Ankita Bhanjois (abhanjoi) & Sunjana Kulkarni (sunjanak)


When we had first drafted what we wanted to accomplish with our “Magical Canvas,” we knew we wanted to invoke that idea of time passing and progressing. The idea behind our project was to demonstrate the passing of time and how change is inevitable. So, we took the idea of a blank canvas where there was a barren surface and we transformed it into a beautiful idealistic landscape. And from the perspective of the audience, that is exactly what we wanted to show: a blank piece of acrylic becoming a Claude Monet inspired landscape.


How does our project fall inline with the courses themes? We were able to use robotic movement and mechanisms to create an art piece, one that was animated in a surprising manner. By using conveyor belts, pulleys, and magnets, we were able to facilitate the motion of pop-up mechanisms to create a landscape mimicking one of Monet paintings. Using the autonomous behavior helps enhance the narrative medium especially for our project, because if we use an opaque piece of acrylic, the audience doesn’t know that there is a mechanism under the acrylic layer. Thus, the pieces of fabric seem to slide by “magic”, coming together to create a landscape. There is always this misconception that robotics are just for the practical and technical uses, but this project and all the other RfCP projects prove that autonomous behavior and robotic movement can create artwork.


Creating our final project was a journey of trial and error. In regards to the soft material manipulation, there were lots of adjustments made along the way. We had initially started with a more busy design with more pop-up elements but noticed that with what could be accomplished with our fabric ribbons, that would not be as feasible. There were many prototypes that went into coming up with the fabric ribbons and how they would be structured. Initially, paper was not meant to be used in our design at all but it proved to be an interesting medium to work with alongside the fabric, especially because it added more spring to the fabric’s free structure. We discovered that if we were to create pleats in the fabric to fold up the pop-up paper elements then it would be easier to unfold as the magnet dragged the fabric. We also learned that with the paper’s springiness it would be hard to keep the pleats on the side of the suitcase before being unravelled, so we used sewing pins to fasten the fabric and as the fabric unravelled the pins would detach. Working with the paper and the fabric taught us a lot about mixed media and how they affect one another. It was unexpected seeing how the construction paper completely changed the movement effect of the fabric and it was a challenge to work with. However, with the various prototypes, we were able to come up with a working design.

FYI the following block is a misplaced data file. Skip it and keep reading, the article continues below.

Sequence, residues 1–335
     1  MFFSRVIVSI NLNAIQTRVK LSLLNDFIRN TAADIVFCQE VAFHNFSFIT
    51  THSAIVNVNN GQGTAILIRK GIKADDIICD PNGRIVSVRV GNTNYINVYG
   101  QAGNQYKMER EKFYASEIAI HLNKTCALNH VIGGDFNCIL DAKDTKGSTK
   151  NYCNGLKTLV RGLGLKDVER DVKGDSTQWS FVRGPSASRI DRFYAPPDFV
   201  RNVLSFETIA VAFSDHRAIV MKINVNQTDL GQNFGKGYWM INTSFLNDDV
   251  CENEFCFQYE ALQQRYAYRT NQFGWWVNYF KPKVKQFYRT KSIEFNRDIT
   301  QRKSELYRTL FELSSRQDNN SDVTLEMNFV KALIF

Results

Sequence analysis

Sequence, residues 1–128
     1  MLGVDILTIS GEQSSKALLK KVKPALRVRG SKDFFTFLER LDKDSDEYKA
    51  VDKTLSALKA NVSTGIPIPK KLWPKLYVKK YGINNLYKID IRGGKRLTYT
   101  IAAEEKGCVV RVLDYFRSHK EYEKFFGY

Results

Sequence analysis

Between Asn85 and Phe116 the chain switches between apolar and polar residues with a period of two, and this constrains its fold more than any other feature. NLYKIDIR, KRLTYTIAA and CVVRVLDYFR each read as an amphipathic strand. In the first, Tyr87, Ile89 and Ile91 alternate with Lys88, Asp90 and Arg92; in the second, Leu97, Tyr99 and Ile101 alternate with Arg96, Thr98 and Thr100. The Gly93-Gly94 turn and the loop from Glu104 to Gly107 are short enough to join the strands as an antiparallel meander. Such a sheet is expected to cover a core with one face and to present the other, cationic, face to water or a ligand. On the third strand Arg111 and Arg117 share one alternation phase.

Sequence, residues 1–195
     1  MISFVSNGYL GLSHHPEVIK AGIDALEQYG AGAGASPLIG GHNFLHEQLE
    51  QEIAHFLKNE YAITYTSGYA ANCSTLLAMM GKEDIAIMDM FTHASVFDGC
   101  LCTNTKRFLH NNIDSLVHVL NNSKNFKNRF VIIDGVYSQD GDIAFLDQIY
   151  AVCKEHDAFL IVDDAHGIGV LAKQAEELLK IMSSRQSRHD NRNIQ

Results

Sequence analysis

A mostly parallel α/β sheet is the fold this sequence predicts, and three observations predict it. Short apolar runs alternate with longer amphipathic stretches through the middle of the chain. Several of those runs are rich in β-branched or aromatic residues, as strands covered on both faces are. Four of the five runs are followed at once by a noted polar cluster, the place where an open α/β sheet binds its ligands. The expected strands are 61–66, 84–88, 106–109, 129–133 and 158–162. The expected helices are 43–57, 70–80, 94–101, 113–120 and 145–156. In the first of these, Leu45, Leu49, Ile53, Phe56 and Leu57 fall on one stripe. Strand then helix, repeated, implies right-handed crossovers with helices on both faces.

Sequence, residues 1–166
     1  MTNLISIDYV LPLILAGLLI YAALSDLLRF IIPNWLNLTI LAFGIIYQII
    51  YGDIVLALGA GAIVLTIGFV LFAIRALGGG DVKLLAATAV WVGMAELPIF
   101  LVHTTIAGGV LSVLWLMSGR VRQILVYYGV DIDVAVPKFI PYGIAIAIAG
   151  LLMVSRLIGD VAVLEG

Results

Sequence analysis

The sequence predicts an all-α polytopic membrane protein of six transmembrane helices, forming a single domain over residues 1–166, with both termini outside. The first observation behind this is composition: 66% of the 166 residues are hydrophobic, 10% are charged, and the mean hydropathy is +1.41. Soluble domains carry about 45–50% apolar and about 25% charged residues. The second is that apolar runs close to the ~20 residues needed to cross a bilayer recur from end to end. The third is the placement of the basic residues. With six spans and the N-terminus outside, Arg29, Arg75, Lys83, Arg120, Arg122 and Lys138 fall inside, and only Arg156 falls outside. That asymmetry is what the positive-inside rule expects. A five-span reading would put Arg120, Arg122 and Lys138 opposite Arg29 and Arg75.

As far as fabricating the model, even that process required some trial and error to see which model design would be most appropriate. We started out by building a model which consisted of one base horizontal panel and two upright vertical panels, with one stepper motor attached to each vertical panel and a belt between the two. We realized that this wasn’t scalable because of two things. One, using two stepper motors where one was the “idler pulley” and the other actually had its motor powered was a waste of a stepper. Two, the two panels wouldn’t be that supportive, and having one panel connect the stepper and the idler pulley would be better.